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Return to Book Page. Preview — Der geteilte Himmel by Christa Wolf. Der geteilte Himmel by Christa Wolf. Eine Auseinandersetzung mit den Jahren der deutschen Teilung.
Und mit dem Erwachen wird auch die Vergangenheit wieder lebendig. Wann hat die Trennung begonnen? Get A Copy. Paperback , pages. Published January 1st by Deutscher Taschenbuch Verlag first published More Details Original Title. Other Editions Friend Reviews. To see what your friends thought of this book, please sign up.
To ask other readers questions about Der geteilte Himmel , please sign up. Lists with This Book. Community Reviews. Showing Average rating 3. Rating details. More filters. Sort order. Start your review of Der geteilte Himmel. Dec 28, Lisa rated it it was amazing Shelves: christa-wolf. In a divided country, heaven is split in two - just as hearts, families, friends and lovers are marked by the Berlin Wall built in the heads of people long before it is physically put in place to illustrate the failure of a people.
This is a strong contender for the saddest love story I have ever read - love for home, love for another person, love for ideas, love for life. Do I have to mention the loving heart is broken in so many places it is impossible to mend it? Do I have to mention there is In a divided country, heaven is split in two - just as hearts, families, friends and lovers are marked by the Berlin Wall built in the heads of people long before it is physically put in place to illustrate the failure of a people.
Do I have to mention there is no cure for the heartache people feel who have survived the atrocities of the war, only to find themselves in the impossibility of German life between capitalism and socialism, built on the guilt of Nazi Germany's looming shadow? Two young people meet and fall in love in East Germany before the ominous date of the 13th August , which made the separation between the two German states irrevocable and definitive for the decades to come.
They share worries and hopes, and see the development of socialism with critical, yet objective eyes. For the young man, the state represents a way of life he cannot embrace in honesty, seeing too much of his parents' fascism transformed into new doctrine, "preachers of socialism speaking of politics like devout Catholics speak of the Immaculate Conception".
He is no martyr, no hero, and refuses to live the hard, devout life of a believer. Ultimately, that means he has to escape before it is too late. What should she choose? Following her love, or her hope for a better life in an idealistic and religious sense of the word? Leaving her political religion behind is a sacrifice that will make her suffer and feel guilt, and she instinctively feels that love cannot survive that kind of choice. But if love cannot survive, will she be able to look up at the wrong side of the divided sky each morning?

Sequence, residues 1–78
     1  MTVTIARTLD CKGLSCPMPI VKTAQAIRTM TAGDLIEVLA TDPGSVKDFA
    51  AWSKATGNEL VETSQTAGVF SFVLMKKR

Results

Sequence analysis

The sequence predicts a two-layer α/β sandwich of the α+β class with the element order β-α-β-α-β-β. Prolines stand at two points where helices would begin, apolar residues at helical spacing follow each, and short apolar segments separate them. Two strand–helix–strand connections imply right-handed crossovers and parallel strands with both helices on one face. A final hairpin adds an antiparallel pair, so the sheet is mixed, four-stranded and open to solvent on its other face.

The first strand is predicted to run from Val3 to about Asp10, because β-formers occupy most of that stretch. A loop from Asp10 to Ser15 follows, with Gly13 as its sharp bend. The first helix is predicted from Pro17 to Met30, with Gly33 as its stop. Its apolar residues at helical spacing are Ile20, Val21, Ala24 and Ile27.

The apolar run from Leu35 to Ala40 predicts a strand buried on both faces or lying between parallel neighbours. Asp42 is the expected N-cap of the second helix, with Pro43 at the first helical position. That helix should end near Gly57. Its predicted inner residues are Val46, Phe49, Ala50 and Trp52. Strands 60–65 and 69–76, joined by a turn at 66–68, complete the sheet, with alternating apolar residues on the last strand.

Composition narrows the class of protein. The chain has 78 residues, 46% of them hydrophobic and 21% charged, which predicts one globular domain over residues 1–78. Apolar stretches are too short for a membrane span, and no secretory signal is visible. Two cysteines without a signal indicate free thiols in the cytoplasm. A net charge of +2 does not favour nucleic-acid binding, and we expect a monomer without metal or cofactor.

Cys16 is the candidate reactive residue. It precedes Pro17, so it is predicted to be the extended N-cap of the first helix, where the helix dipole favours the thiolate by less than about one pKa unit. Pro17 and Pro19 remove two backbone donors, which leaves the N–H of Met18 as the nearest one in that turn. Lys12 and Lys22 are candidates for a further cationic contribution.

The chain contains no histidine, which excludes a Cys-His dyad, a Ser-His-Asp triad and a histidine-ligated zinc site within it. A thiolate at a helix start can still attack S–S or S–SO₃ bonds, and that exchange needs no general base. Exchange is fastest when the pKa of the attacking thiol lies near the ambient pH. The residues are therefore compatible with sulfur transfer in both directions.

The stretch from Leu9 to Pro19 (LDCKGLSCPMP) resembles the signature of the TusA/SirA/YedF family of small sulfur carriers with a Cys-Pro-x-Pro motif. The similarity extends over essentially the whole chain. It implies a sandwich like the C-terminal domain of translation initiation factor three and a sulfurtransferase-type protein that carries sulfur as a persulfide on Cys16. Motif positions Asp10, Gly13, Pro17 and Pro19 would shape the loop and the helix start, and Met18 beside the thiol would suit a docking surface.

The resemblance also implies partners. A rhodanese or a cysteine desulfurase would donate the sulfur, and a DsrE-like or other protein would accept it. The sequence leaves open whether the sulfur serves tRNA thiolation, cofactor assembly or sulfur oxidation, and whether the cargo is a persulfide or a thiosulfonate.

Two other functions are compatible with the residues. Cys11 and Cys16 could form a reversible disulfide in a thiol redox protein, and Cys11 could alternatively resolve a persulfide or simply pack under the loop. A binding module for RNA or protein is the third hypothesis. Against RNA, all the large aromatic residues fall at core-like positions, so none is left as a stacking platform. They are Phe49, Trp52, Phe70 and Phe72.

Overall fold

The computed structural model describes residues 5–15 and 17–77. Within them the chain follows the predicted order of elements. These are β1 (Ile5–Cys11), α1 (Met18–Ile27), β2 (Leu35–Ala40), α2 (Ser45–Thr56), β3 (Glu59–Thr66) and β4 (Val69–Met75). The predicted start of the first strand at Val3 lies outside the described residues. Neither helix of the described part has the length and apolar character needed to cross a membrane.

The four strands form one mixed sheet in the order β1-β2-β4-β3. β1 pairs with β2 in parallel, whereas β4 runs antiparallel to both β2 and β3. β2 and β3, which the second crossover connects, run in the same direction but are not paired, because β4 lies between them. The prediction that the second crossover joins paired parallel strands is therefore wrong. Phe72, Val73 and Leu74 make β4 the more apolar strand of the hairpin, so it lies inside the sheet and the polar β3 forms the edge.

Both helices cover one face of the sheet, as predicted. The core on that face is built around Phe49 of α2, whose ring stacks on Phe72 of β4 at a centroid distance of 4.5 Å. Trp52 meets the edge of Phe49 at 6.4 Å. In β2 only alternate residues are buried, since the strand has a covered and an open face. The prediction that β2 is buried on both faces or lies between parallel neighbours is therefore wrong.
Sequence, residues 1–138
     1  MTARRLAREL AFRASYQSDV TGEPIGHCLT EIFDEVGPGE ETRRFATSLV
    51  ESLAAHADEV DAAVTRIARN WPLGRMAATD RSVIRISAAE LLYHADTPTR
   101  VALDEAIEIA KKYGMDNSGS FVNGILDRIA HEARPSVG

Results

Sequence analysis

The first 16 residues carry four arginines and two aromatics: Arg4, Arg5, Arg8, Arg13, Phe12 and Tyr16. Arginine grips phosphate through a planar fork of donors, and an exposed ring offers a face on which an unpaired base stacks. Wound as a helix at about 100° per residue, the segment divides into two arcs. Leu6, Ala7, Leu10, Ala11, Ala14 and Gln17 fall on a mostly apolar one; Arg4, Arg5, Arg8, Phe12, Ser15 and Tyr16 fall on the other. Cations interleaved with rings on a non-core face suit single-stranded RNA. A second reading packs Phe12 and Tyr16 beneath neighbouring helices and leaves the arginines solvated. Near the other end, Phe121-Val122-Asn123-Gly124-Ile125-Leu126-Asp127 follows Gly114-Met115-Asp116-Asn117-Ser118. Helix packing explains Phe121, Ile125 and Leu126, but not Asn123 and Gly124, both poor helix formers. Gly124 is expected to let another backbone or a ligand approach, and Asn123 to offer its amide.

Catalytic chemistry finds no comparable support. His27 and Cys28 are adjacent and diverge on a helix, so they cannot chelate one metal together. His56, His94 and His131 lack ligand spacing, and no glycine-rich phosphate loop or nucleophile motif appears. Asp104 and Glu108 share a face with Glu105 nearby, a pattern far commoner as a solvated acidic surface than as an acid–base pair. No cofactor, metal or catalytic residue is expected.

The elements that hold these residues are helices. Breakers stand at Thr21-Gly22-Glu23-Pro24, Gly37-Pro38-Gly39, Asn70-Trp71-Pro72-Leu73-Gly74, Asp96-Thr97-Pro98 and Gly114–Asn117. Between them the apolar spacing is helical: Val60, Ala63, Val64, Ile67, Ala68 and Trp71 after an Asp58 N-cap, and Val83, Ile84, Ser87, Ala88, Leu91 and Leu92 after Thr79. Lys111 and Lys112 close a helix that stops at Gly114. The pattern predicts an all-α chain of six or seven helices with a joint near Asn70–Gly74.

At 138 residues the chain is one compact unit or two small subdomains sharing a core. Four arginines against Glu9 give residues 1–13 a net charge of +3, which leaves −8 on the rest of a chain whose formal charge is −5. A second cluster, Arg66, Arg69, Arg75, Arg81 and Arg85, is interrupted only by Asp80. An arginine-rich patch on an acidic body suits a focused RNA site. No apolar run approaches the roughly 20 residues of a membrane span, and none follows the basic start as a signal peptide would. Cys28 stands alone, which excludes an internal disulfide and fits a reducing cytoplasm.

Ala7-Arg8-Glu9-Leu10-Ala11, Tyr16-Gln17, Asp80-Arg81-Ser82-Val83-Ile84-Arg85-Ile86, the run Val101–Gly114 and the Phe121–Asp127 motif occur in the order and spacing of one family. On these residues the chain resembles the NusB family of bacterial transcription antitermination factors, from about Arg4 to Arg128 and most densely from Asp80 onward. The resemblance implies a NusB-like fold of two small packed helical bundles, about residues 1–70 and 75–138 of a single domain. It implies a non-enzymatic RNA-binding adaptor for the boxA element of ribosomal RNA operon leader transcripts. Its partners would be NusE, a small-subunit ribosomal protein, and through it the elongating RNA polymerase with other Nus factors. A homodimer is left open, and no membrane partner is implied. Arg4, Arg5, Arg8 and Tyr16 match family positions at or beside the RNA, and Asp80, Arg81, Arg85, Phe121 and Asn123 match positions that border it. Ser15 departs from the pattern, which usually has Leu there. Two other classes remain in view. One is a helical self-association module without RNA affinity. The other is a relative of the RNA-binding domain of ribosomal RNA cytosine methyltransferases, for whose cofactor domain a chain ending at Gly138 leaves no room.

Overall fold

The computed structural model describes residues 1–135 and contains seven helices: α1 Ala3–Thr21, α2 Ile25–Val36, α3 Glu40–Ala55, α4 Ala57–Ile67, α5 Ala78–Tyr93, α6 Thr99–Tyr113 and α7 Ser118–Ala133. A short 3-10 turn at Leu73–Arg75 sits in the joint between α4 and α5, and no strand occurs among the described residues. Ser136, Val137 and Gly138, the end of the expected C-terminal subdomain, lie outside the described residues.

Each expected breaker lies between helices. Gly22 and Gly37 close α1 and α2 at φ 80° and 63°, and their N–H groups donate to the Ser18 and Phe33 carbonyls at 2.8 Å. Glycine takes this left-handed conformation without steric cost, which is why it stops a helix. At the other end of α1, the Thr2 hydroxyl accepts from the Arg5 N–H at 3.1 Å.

As she reflects in her misery: it would have been easier to make the choice against West Germany if people there had been suffering under the yoke of their capitalist plight. But they seem happy. How can they be happy and wrong? A true believer chooses the road of being unhappy and right. This is a powerful testament of the minds of young Germans in , facing a division that allowed no middle ground, no moderate and common sense objectivity.
On the ruins of their horrific totalitarian past, they have to make sense of the senseless reality that is on offer. Private loss and grief hardly play any role at all, but it exists nonetheless - heartbreakingly real to those who are forced to choose sides! Powerful, powerful reading, by one of the most prominent German authors of the era. Highly recommended, as a love story, as a historical witness account, as a piece of writing on the universal questions of humankind in any given environment!
View all 21 comments. There was a moment while reading this when I thought how fascinating it would have been had Christa Wolf stepped out of her narrative and related in a mirror narrative how difficult it is to write a novel when you live in a repressive regime that will inevitably censor your work.
Repressive regimes might provide inspiration in abundance but what artist would choose to li There was a moment while reading this when I thought how fascinating it would have been had Christa Wolf stepped out of her narrative and related in a mirror narrative how difficult it is to write a novel when you live in a repressive regime that will inevitably censor your work.